Part Two of a series of mini-articles under the umbrella of ‘Life Lessons’ in October’s Psychology Today focuses on what is called ‘Facing Adversity’.
Once again, the comments of the contributing authors collectively can provide valuable insights for our own lives:
- Accept that life is unpredictable; sometimes challenges such as life health issues pop up, and have to be coped with, possibly under life changing circumstances; there is a ‘liberating’ aspect, in that accepting such a reality changes one’s focus from how life has been to this point, to moving forward in life; instead of using mental energy to fight change, cultivate self-compassion, along with seeing new opportunities for life experiences
- Practice going with the flow; sometimes events occur which at the time seem negative or even with terrible implications; by not having a ‘knee-jerk reaction’, one is open to subsequent happenings with equanimity, perhaps able to benefit from an alternate outcome; consider this story: a farmer’s son tries to ride a wild horse which wandered onto the property the day before, and the son suffers several injuries; neighbours express their regrets, the farmer shrugs it off; the next day, the army comes through to conscript any able-bodied young men – which the son avoids due to his accident; once again the farmer shrugs it off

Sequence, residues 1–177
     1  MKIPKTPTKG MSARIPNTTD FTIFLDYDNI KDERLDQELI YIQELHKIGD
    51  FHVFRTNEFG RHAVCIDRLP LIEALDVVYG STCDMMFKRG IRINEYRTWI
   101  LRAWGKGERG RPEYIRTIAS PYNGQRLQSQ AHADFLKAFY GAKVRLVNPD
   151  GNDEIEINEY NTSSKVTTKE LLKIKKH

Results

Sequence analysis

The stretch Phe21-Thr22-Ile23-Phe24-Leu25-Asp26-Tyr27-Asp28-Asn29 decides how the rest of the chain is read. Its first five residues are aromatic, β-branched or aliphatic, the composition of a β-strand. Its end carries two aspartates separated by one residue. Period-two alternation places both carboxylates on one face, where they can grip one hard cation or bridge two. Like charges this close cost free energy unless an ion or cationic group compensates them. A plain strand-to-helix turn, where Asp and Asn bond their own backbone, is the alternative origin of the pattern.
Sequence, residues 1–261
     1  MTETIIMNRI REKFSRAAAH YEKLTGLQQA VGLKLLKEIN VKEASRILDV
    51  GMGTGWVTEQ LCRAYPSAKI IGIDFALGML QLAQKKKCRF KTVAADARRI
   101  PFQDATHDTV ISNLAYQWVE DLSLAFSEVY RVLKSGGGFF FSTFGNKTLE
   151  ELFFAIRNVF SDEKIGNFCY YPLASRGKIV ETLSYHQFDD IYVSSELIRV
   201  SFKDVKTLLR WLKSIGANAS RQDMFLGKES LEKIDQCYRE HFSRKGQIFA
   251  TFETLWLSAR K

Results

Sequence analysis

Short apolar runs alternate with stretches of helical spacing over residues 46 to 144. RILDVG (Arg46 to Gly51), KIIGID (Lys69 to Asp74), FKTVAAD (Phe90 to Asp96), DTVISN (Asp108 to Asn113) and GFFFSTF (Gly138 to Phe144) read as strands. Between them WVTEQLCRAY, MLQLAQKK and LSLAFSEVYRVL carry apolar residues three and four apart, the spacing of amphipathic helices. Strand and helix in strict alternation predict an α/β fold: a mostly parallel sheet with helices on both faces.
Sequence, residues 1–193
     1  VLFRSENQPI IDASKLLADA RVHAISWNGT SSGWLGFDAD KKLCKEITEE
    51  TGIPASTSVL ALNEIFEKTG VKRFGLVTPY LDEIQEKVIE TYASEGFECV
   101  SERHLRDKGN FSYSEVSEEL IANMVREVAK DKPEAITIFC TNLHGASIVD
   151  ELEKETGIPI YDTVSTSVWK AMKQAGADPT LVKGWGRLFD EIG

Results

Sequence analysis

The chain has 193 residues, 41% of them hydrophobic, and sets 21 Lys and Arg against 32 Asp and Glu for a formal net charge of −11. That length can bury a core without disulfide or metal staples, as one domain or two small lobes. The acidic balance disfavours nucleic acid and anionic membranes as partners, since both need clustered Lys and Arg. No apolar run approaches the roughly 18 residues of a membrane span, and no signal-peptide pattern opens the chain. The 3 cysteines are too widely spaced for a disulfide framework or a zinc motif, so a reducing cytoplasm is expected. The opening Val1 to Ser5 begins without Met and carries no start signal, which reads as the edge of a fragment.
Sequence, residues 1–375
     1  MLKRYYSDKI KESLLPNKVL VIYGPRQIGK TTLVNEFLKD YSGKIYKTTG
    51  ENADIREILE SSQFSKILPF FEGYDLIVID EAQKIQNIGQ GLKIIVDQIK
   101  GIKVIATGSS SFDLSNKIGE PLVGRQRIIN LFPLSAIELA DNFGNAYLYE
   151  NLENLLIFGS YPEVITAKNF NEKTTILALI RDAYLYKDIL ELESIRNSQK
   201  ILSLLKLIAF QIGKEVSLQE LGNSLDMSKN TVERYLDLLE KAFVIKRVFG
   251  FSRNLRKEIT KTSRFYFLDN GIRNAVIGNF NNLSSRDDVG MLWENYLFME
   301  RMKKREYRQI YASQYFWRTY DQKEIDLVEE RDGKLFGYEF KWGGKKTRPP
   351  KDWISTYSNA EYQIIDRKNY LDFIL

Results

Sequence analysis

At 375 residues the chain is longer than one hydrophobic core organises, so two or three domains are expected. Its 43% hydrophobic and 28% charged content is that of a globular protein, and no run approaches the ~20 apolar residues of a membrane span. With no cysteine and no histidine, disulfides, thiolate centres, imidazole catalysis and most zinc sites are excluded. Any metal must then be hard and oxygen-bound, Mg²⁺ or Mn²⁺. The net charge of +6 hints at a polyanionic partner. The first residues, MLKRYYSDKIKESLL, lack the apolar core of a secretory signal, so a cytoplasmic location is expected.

- Don’t worry about it; while there may be a natural compulsion to fret about situations, consider this: interviews of older people in a recent, long-term study found that one of the most important things younger people can do to limit regrets later in life is to minimize worrying; many in the interviews reflected that “I wish I’d spent less time worrying”; there’s little value in repeating “pointless rumination about things we can’t change”
- See the funny side of life; having and using a sense of humour leads to a sense of recovery and renewal; bad moments can become funny situations; it’s a form of ‘emotional recycling’, wherein one’s perspective of an event shifts to feeling it is more under one’s control; humour is a key to unlocking limitations